Already embroiled in Syria’s war, a conflict with the Kurds and beset by a string of terrorist attacks, Friday’s failed plot to topple President Recep Tayyip Erdogan risks shattering what’s left of Turkey’s image as a stable country that can attract enough investment to finance one of the highest current-account deficits among G-20 economies.

Turkish President Tayyip Erdogan addresses during an attempted coup in Istanbul, Turkey July16, 2016. REUTERS/Huseyin Aldemir
Turkish President Tayyip Erdogan addresses during an attempted coup in Istanbul, Turkey July16, 2016. REUTERS/Huseyin Aldemir

“It’s not going to be business as usual,” said Brian Jacobsen, chief portfolio strategist with Wells Fargo Funds Management LLC, which oversees $242 billion. “We are probably going to see foreign capital fleeing the country, because the political instability creates additional risks that investors don’t need.”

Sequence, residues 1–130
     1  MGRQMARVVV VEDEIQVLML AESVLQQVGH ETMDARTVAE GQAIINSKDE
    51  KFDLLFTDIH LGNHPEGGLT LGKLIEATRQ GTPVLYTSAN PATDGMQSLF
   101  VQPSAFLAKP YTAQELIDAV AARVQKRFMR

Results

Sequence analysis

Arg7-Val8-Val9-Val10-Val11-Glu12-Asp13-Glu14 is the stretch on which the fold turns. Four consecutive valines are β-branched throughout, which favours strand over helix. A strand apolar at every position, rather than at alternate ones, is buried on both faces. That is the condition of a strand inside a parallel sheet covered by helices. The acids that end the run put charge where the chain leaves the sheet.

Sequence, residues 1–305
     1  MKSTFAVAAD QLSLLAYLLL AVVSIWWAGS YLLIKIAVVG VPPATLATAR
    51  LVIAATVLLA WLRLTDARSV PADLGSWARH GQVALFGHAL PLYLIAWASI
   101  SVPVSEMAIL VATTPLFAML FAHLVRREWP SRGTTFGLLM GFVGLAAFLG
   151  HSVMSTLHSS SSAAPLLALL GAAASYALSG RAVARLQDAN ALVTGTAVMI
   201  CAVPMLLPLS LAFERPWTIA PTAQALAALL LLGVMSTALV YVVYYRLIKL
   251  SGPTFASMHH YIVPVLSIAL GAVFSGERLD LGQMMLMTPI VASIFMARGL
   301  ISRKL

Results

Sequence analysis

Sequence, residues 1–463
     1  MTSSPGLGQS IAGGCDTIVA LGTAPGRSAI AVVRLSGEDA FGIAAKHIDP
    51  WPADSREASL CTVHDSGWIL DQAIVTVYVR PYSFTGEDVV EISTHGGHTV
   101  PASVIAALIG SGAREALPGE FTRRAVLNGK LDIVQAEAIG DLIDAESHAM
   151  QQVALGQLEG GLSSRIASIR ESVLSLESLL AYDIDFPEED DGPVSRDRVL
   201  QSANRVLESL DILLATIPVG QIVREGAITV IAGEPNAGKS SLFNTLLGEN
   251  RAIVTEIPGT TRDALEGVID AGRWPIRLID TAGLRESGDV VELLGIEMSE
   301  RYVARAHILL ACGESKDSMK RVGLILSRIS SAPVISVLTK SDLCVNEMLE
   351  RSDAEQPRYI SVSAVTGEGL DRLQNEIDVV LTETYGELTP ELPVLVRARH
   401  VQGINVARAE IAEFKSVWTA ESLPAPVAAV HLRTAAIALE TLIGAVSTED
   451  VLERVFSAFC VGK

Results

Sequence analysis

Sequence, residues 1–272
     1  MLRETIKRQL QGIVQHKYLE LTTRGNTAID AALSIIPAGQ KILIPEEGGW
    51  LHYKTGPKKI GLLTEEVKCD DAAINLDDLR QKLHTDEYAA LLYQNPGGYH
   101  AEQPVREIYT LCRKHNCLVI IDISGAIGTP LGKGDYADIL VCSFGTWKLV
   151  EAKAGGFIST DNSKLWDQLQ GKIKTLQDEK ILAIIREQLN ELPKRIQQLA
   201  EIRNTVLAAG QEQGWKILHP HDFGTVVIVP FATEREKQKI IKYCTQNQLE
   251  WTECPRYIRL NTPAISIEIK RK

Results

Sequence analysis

After more than a decade in power, the unrest threatens to further erode Erdogan’s legacy as the man who helped Turkey turn the page on years of turmoil that culminated in hyper-inflation and bank failures before the AK Party he co-founded won elections in 2002. Opponents blame the instability on the 62-year old leader’s quest to consolidate power into his office instead of parliament. He says a presidential system serves Turkey’s interests best.

Hours before tanks rolled through the streets of Ankara and Istanbul to seize power, things didn’t look that bad for Turkey’s assets. Helped by speculation that global interest rates would remain low, and optimism over Erdogan’s move to repair ties with Russia and Israel, the lira had rebounded more than 6 percent from a record reached in September. The benchmark stock index rose 0.3 percent at the close on Friday, extending this year’s gain to 15 percent.